Scientist at Work: Dale Sengelaub

Dale Sengelaub When not playing the blues in Bloomington, Dale Sengelaub -- a member of Indiana University's Department of Psychological and Brain Sciences -- is studying how motor neurons respond to hormone treatments. His research could help severed limbs heal in half the time and assist those afflicted by Lou Gehrig's Disease.  Full Story

Climate change threatens Amazonian small farmers

Eduardo Brondizio

As Amazonian rainforests dwindle amid logging and climate change, much of the discussion has tended to focus on the loss of species diversity and alterations to Earth's atmosphere. Lost in these considerations is how climate change also may affect the tens of thousands of Brazilian small farmers who live near the forests and who depend on the land to feed themselves and their families and eke out a meager income. A six-year study of Amazonian small farmers and their responses to climate change shows the farmers are vulnerable to natural catastrophes and risky land use practices, say Indiana University Bloomington anthropologists Eduardo Brondizio and Emilio Moran.

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The downside of a good idea

Robert Goldstone

Good ideas can have drawbacks. When information is freely shared, good ideas can stunt innovation by distracting others from pursuing even better ideas, according to Indiana University cognitive scientist Robert Goldstone. The findings speak to innovation and the bandwagon effect as it influences decision-making within groups. The Internet and new technologies are increasingly offering opportunities for interconnectedness, for cutting-edge scientists to the "average Joe" posting or reading book reviews on or entries in Wikipedia.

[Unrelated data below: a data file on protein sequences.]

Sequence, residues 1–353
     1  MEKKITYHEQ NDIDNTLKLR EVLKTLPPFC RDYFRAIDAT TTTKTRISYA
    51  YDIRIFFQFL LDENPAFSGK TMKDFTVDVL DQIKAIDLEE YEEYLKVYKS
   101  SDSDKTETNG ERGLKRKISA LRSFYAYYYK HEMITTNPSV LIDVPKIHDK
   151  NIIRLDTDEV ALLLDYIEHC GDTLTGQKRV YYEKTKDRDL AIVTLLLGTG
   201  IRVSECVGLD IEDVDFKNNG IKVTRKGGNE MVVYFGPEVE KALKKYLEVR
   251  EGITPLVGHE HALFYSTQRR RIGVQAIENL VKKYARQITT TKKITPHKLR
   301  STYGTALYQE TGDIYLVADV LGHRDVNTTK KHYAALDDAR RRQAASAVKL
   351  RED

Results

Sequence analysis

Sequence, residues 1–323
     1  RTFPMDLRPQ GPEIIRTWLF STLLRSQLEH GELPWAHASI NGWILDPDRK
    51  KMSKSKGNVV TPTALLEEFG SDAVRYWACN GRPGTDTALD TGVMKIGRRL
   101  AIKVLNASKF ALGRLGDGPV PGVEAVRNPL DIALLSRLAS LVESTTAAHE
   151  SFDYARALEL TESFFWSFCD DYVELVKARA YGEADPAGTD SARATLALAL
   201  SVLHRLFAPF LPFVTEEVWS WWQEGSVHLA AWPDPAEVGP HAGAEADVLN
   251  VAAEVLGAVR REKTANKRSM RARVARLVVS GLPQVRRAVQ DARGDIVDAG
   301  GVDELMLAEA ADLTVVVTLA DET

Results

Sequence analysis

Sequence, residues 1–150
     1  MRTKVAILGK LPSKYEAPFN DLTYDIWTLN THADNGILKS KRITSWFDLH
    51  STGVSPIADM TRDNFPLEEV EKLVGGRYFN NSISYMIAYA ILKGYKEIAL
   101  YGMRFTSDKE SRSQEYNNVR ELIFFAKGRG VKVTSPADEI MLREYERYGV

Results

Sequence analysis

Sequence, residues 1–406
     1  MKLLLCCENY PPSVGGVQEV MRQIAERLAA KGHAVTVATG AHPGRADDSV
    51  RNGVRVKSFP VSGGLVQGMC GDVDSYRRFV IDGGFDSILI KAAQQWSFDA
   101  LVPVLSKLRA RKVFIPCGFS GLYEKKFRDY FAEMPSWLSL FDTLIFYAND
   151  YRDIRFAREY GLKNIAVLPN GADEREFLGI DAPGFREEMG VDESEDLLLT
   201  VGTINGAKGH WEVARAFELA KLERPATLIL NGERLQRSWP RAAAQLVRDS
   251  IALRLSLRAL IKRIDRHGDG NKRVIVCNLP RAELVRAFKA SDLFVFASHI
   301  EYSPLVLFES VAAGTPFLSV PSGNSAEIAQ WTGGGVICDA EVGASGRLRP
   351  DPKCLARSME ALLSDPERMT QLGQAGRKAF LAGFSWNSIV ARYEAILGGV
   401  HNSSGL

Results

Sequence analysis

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Updating the "Bible of Particle Physics"

MINOS Detector

After many trials and tribulations, Indiana University Professor Stuart Mufson and former Indiana University graduate student Brian Rebel made a discovery that was recently reported in a book Mufson calls "The Bible of Particle Physics." The book, published by the Journal of Physics, is better known as the Review of Particle Physics. "I've been studying cosmic rays for 25 years and have never had a result reported there before," said Mufson. "And that's it. I'll probably never do it again."

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Uncharged organic molecule can bind negatively charged ions

Binding molecule

Indiana University Bloomington chemists have designed an organic molecule that binds negatively charged ions, a feat they hope will lead to the development of a whole new molecular toolbox for biologists, chemists and medical researchers who want to remove chlorine, fluorine and other negatively charged ions from their solutions.

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Previous issue

Sarah Trimpin

The Feb. 19, 2008, edition of Discoveries featured Sarah Trimpin, an IU research associate in the Chemistry Department. Also highlighted in this issue were stories about honors bestowed on an IU biologist, details on the Kitt Peak National Observatory near Tucson, Ariz., an overview of the School of Optometry's future Eye Care Center, and information that breaks down Huntington's disease one protein at a time.

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